Cotton classing cost will rise by 20 cents

Cotton classing fees will rise by 20 cents this season, to $1.85, according to Larry Creed, director of the Dumas, Ark., USDA Cotton Classing Division office that serves much of the Mid-South region.

The increase comes on the heels of a 20-cent rise in the 2004 season to $1.65.

A shrinking reserve fund for the Cotton Classing Division has necessitated the increases in the classing fee, Creed said at one of the regional meetings of the Southern Cotton Ginners Association at Clarksdale, Miss.

“Over the years, we've been required to retain a system reserve to cover unexpected costs and shortfalls in the classing operations,” he said.

“Every year for 11 years, the classing operation had lost money, and it was necessary to increase the classing fee in order to help restore the system reserve.”

He said USDA and cotton industry officials agreed on a boost in the fee, but decided to implement it over two years rather than all at once.

“The classing division has made a lot of changes to reduce costs,” Creed said, “but operational expenses have continued to increase.”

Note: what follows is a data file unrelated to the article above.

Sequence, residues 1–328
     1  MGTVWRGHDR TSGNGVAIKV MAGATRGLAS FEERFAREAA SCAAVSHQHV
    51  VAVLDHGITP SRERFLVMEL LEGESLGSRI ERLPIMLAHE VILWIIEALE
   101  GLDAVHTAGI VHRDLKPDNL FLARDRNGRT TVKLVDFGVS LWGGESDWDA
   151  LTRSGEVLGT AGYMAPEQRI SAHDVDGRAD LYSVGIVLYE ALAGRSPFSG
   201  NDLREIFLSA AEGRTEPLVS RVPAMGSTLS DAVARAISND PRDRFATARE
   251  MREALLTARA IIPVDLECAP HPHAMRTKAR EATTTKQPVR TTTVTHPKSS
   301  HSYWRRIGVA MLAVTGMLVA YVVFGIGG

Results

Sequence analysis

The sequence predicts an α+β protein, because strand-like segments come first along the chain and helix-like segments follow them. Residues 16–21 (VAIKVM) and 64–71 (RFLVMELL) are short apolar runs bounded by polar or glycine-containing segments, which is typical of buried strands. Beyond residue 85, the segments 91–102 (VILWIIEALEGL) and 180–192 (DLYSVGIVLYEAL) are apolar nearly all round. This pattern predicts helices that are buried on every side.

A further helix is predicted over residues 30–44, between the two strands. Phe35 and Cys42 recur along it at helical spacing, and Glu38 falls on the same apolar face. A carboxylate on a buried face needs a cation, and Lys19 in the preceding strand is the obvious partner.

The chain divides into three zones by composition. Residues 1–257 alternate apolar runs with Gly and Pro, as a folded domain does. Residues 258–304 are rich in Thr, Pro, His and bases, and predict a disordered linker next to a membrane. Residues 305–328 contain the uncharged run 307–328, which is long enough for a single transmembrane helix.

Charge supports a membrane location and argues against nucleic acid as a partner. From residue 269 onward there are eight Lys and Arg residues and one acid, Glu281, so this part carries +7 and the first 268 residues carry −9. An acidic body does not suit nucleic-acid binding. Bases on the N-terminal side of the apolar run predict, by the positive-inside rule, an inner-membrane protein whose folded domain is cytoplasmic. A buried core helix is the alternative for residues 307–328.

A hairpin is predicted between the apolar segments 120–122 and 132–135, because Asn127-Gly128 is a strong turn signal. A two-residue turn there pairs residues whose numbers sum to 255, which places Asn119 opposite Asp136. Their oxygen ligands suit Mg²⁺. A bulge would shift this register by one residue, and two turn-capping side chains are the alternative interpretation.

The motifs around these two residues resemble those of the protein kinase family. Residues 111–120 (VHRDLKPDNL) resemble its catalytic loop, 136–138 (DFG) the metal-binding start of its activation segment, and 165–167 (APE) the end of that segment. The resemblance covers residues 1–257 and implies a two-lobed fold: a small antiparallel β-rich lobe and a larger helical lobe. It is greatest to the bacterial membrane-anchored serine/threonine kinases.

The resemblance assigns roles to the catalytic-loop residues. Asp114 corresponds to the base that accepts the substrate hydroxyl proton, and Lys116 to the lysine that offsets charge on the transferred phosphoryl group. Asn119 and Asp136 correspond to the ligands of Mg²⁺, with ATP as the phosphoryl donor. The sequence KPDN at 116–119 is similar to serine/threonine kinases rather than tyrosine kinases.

Over the past decade, the division has consolidated operations, reducing both the number of classing offices and employees. At the same time, he noted, costs of operations have steadily increased — a major one being transportation/fuel costs related to hauling samples from gins to classing offices.

And the cost of high volume instrument (HVI) classing equipment has increased sharply, Creed said, rising 70 percent from 1997 to 2004. Personnel and leased space costs have also risen, while interest earnings on funds have gone down.

The Dumas office will have 35 HVI lines in operation this season, he noted, up from 31 last year. “Last year's record crop kept us hopping, and with the four additional HVI lines we should be in position to handle a big crop this year.”

USDA's classing system, Creed says, is “the best in the world, and we will continue making the investments necessary to improve the system to meet the needs of growers and the industry — and we'll also continue striving to keep prices as low as possible.”

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